Peace Meal Progress
Korean Grill's flavorful fellowship proves that you can never bite the hand that feeds you.
Thursday, January 11, 2001
Well, it''s the year 2001--definitely a space odyssey. Here we are already in the future, looking at where we''ve come from, where we are and, with luck, where we''re going.
We as a species are caught up in an accelerating whirlpool of evolutionary change unlike any since the dawn of the Industrial Revolution. Despite the presence of tools and learning resources available to us, the body of intelligent and creative knowledge present, there are still countless factions committed to destroying each other over such absurdities as the definitive understanding about something as impossible to understand as God. Give me a break.
How does anybody with even half an ounce of intelligence not get disgusted with humanity? We have the capabilities to completely reverse everything that is wrong the world. And some--like the owners of Korean Grill in Pacific Grove--are actually doing it.
I know what you''re thinking: This guy''s really snapped now--his cork popped with the New Year''s Champagne. But think about it. Here I am sitting in this delightful little downhome Korean restaurant, eating traditional Korean delicacies prepared and served by loving, caring humans. Among my group is Chickie Boom, whose father spent a couple of years back in the 1950s in the service of one psychotic master trying to help destroy the poor bastards over there in Korea, who also were in the service of a psychotic master.
If people would feed each other instead of trying to kill each other, who knows what this world might become? I know it sounds simplistic and naive, which it is, but that''s the whole point.
Instead of training armies of warriors to attack and destroy, why not train armies of agriculturalists and culinarians to conquer world hunger? Who would want to fight if there were great feasts of traditional food and drink being prepared and shared?
I always felt a little like Copernicus, or whoever the guy with the fulcrum was. If you show me the place to set up the kitchen, I could move the world.
It''s the restaurant folks who are doing it. Without knowing it, hardworking people around the world help overcome differences and heal people by feeding them their individual ethnic fare. As we all partake of all the world''s food, it becomes harder to detach from acts that are detrimental to those same people who have fed and nourished you.
That''s what the souls at Korean Grill do. They feed you and nourish you, leaving you satisfied on many different levels. Like so many small mom-and-pop operations, Korean Grill is owned by a husband and wife team. The duo shares in the cooking, which showcases fresh, authentic ingredients lovingly prepared in a spotless, tranquil environment.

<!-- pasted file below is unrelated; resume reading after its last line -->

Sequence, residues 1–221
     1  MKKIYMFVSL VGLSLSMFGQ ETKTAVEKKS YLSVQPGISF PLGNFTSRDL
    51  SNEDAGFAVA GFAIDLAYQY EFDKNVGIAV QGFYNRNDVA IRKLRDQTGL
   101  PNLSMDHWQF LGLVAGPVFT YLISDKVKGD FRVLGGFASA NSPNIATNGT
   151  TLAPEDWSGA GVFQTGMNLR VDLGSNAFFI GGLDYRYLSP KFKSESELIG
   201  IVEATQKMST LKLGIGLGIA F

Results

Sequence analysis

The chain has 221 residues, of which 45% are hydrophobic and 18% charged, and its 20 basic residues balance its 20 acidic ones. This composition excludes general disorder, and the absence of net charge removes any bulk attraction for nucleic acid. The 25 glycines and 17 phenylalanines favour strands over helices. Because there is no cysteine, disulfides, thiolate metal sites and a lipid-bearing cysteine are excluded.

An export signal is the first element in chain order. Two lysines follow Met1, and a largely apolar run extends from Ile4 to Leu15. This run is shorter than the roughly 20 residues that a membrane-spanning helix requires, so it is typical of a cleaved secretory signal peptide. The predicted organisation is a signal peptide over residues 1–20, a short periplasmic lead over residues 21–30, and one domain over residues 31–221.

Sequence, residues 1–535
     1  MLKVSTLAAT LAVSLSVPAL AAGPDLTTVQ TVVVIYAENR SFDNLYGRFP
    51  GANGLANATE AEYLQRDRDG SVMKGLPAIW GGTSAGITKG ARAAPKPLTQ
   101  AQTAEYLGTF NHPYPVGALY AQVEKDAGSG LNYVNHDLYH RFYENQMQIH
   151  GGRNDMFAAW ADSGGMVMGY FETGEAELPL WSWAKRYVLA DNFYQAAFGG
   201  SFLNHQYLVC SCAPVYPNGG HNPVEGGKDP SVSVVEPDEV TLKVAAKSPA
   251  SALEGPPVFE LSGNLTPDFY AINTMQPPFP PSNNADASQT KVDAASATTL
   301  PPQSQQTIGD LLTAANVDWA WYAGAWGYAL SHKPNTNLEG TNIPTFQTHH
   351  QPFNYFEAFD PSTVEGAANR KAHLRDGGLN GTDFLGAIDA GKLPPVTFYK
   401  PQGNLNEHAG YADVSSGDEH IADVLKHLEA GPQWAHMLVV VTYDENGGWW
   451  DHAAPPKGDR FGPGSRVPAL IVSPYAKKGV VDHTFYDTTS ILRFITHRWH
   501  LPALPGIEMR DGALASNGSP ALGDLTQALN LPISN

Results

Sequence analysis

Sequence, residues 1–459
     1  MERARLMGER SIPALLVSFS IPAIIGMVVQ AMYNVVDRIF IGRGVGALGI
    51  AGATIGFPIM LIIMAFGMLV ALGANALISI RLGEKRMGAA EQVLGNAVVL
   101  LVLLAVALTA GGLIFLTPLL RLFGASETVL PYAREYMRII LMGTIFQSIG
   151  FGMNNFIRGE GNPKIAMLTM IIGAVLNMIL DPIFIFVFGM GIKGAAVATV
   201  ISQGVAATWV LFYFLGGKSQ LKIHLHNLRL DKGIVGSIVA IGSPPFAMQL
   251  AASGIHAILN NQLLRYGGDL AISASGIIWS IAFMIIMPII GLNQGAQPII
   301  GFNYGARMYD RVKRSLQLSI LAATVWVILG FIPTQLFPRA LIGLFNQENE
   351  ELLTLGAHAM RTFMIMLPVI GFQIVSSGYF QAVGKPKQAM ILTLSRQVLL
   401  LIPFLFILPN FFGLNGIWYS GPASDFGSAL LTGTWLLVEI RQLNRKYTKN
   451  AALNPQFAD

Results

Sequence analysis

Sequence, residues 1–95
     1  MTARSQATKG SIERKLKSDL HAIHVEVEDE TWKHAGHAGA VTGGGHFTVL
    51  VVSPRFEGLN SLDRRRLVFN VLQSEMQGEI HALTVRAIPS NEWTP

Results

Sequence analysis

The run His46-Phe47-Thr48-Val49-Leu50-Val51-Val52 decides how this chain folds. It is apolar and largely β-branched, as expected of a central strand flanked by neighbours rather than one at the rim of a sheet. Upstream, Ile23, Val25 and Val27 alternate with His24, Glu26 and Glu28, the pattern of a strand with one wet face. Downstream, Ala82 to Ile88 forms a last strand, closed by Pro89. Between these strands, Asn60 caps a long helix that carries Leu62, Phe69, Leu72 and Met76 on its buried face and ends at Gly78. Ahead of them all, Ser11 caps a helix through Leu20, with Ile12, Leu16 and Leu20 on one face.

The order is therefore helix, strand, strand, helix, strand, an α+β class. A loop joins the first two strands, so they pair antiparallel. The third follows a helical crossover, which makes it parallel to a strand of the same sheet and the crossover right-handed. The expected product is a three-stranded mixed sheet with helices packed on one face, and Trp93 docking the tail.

Colorful Canvas of Flavors
Simple place settings spread on wooden tables provide the canvas upon which colorful conglomerations of Korean cookery cluster, clamoring to be consumed.
The ban chan, a group of little bowls of various vegetables, becomes the centerpiece of every Korean dinner. Like a palette of colors, small offerings of bean sprouts, potatoes, seaweed, fascinating little black beans, radish, tofu and kimchi (a fermented cabbage) are provided to add fresh, harmonious flavors to your main dish.
On the night we visited, we invited Cheech and Chong, two Korean language students who eat regularly at Korean Grill. Sweet Thing and myself arrived a bit early, so we went next door to Trader Joe''s to load up the glove compartment with Power Bars.
The world being what it is, there I was, staring down a display rack full of first- and second-growth Bordeaux. They were from the ''97 vintage, which was an off year, and consequently lower priced and earlier maturing. I grabbed a Pichon Lalande, figuring it would be a nice surprise for Chong, who is a wine lover.
We arrived at the Korean Grill where Brandon, the regular front-of-the-house guide and server, deftly choreographed our total experience. We had dumplings for appetizer, which went beautifully with the Pichon Lalande. I did not overlook the wonder of sitting in Pacific Grove, eating authentic Korean dumplings and drinking gorgeous French wine.
A delightful, soothing tea was automatically brought to the table. The taste was so fresh and original, it had us perplexed. But Brandon explained that it was made from corn. Did you ever taste the water that is left over in the pot after you cook corn? That is what it''s like.
We were probably gonna be turning up the heat for the main course, so we finished the wine before ordering and swung into OB Lager, the perfectly compatible Korean beer.
Me and Chong went for meat dishes --he the grilled beef ribs, me the grilled pork. Each comes atop a bed of raw cabbage sizzling on a cast iron platter shaped like a reclining cow. The flavors were fabulous, enhanced by the bottomless nibbles of the ban chan.
Chickie Boom had spicy seabass soup. The boiling cauldron of fresh fish and vegetables was full of flavors, with perhaps the most magnificent broth I have ever tasted. It was so spicy that my head exploded. Cheech had her usual, vegetable hot pot rice with spicy kimchi ("addictive," according to Cheech). It was a beautiful assortment of fresh vegetables and rice all sizzling in a stone bowl.
There''s a lot of love in this food. It''s lively, flavorful, reasonably priced, authentic, soulful and fun. Chong was almost unhappy about me doing this piece because Korean Grill is kind of like a little secret the Defense Language Institute kids share.
The secret is out, baby. Check this place out and find out why Cheech says, "In my opinion, this is the best Korean food on the Peninsula."
Add the fact that they are helping to make the world a better place and-- Bingo!--it''s all good for all living things.